I realize I might have gone too far in depth into the situation and I definitely don’t expect all answers to be answered. But any insight into this situation would be of great help. Essentially I’m trying to leave my options open to the extent that after my masters I’m not limited to working in a certain area in the world but also not limiting myself because of student loans/ financial burdens.

Thanks!

Hi,

Your question is an interesting one! I’m not sure how much I can help with the specifics, but I have a few questions for you that may help you along with your decision.

  • Where do you want to live after you’re done with Grad School? If it’s anywhere in the US, I can almost guarantee that you will not get a state license if you study outside the US. Getting a state license is not only essential in order for you to accept medical insurance (which is a complicated issue, even if you are licensed), it also opens you up to 10x more jobs than what you would be qualified for sans license. If you want to live in Canada, check-in with the art therapists in the province you want to settle down in. If I’m not mistaken some provinces have regulated art therapy as a profession and others have not. Again, you need to be sure you qualify for any licenses that art therapists in that province usually fall under.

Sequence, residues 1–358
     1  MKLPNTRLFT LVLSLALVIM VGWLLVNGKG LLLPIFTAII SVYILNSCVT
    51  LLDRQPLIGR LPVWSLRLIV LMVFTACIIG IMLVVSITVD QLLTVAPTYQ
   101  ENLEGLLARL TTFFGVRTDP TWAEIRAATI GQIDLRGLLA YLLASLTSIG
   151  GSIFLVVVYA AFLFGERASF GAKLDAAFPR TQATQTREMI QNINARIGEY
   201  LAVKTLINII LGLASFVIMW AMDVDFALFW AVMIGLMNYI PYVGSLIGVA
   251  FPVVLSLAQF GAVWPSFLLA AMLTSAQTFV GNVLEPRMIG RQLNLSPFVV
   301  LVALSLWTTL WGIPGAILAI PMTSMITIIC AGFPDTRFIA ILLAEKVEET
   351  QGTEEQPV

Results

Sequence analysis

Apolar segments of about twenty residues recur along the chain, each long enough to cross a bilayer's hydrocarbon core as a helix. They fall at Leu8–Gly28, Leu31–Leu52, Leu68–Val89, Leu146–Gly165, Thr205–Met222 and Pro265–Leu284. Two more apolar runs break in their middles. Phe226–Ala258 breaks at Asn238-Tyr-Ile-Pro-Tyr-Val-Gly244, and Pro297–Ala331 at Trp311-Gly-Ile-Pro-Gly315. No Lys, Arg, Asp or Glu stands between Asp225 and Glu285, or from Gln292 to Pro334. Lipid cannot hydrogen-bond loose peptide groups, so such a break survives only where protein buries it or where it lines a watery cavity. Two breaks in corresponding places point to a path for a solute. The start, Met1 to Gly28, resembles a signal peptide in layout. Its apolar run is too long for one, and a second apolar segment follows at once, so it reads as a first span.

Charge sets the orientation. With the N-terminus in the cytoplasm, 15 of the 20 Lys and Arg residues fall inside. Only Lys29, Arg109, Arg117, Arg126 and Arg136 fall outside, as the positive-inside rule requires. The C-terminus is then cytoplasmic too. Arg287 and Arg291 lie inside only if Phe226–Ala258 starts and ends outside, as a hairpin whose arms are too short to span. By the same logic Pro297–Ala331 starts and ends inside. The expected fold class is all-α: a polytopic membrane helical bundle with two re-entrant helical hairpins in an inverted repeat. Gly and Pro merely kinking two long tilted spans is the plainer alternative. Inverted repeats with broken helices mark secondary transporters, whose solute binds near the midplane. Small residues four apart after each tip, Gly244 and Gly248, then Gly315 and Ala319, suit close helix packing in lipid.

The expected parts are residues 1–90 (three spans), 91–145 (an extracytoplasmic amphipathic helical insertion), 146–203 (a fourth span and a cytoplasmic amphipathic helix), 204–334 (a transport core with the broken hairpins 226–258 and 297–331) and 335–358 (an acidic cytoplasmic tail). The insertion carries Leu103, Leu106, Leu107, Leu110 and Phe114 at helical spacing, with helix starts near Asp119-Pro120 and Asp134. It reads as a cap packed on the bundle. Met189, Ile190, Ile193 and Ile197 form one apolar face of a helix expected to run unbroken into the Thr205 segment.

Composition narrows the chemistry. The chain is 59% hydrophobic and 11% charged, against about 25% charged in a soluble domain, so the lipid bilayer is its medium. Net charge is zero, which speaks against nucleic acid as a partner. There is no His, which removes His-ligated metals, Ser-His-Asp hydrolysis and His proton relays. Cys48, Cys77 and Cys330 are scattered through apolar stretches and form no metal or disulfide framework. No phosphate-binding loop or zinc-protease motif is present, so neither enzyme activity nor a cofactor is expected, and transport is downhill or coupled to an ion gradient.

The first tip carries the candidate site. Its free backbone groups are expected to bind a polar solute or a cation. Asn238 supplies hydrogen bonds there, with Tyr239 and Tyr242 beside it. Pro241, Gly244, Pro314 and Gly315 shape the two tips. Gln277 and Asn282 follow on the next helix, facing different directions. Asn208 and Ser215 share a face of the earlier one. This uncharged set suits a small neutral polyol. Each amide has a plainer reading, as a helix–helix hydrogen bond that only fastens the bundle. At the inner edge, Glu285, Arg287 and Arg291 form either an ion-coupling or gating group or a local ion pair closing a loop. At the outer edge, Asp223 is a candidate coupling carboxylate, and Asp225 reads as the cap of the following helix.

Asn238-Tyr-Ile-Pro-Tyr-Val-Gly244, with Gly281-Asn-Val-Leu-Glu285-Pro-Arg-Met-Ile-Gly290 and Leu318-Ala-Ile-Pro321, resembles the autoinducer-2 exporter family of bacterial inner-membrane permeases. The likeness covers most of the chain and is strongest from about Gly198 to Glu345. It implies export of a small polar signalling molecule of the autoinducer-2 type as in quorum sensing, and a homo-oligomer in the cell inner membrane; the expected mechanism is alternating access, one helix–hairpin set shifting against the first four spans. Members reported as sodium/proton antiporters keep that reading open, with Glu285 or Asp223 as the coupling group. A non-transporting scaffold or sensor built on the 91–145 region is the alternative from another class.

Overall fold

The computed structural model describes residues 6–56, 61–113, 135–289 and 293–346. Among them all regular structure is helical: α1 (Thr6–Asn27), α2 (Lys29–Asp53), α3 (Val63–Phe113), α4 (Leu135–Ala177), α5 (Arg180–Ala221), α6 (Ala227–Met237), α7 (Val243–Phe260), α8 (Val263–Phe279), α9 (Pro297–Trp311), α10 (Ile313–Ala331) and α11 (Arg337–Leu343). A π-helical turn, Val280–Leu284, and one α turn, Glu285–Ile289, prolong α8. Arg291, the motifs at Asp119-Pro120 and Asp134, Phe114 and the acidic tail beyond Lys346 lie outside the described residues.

• Are you aware of the earning potential of an art therapist in the state or province you want to live in? Can you survive on this salary taking into consideration living expenses and paying off your student loan debt? (Please see my post on being a new mom and an art therapist)
  • Have you looked into Concordia University’s art therapy program? From what I hear it’s a high quality education and Concordia has a strong fine arts department. (They also have drama therapy too…) Also, if you’re already living in Quebec, you’d qualify for in-province tuition, which is so much less than anywhere else in Canada (despite what the protesters are saying!) It maybe worth putting off your MA to pursue this option, simply for the cost savings and the fact that Concordia offers a great education too.

I think the main difference between the practice of art therapy in North America vs. Europe is the theories that are used as a foundation for the practice of art therapy. There are some theories/modes of practice that are only popular/taught in Europe and not the US/Canada and vice versa. So, the coursework will be different and so will the length of study. I believe you can get an MA in 1 year and a PhD in 2 in Europe. I also hear that art therapy is very well respected in the UK, whereas you can be doing ok as a North American art therapist or struggling, depending on the region you live in.